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Andrew Wilson Influential gardeners: the gardeners who shaped 20th century garden style Mitchell Beazley 2002 Go to Reviews Index

Since the art of garden design brings together people, places and ideas, it is eminently sensible to organise a book on this relationship - which Andrew Wilson has done with verve. He gives us a group of some 50 designers from the past century with information on their lives, their influences and their work. About half the biographies have photographs of the designers - and one wishes there were no exceptions to this rule. 'Le style c'est l'homme'. ('The style is the man') said George-Louis Leclerc de Buffon. A phtograph of the man helps us understand the style of his garden design. Or, of course, a photograph of the woman. Should it be a surprise that only a third of the featured designers are female? Few of the fine arts could boast so high a figure, but women have always had key roles in garden design, as clients and designers.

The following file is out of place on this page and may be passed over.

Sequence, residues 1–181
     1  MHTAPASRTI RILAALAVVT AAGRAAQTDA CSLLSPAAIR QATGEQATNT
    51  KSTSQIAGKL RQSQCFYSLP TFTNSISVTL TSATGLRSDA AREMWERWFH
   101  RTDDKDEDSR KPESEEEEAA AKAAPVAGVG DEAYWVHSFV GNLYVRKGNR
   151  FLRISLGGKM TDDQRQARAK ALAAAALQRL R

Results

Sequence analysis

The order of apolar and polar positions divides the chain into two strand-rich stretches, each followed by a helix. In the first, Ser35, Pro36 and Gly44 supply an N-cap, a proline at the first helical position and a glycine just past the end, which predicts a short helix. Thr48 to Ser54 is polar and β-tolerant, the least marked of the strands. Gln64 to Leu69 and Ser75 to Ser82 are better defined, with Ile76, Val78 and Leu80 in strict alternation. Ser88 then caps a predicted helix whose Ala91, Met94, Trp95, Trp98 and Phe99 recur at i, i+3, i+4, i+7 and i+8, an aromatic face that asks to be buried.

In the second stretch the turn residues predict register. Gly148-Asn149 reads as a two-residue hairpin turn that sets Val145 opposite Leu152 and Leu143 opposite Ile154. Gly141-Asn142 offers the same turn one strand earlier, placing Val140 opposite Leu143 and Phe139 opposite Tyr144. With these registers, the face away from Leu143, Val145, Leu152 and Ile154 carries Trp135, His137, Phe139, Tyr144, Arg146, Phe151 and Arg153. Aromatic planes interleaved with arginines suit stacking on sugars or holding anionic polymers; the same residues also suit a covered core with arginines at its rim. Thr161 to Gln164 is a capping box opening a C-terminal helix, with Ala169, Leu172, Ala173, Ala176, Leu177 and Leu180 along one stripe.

The analytical framework for the ideas treated in the book is summarised by two of the illustrations on the front cover, reproduced above. The gardens of the twentieth century are seen as having been dominated by two trends:

  • plantsmanship
  • designers' spatial concepts

One's understanding of the framework is helped by the portrait photographs. Christopher Tunnard and Kathryn Gustafson, for the desgners, are represented by black and white photographs with extraordinarily similar expressions on their faces: looking to distant horizons. Dan Kiley, though in colour, looks in the same direction. Rosemary Verey and Penelope Hobhouse are set amongst flowers, appropriately. Dan Pearson looks unsure as to which of tendencies calls the loudest. Mien Ruys sits with gardener's footware but a designer's gleam in her eye. Jellicoe has the smile of omniscience - a good-humoured Buddha.

Medium barnsley original

Barnsley House (photo C. Nichols)

Medium novillero original

El Novillero (photo Wildlife Matters)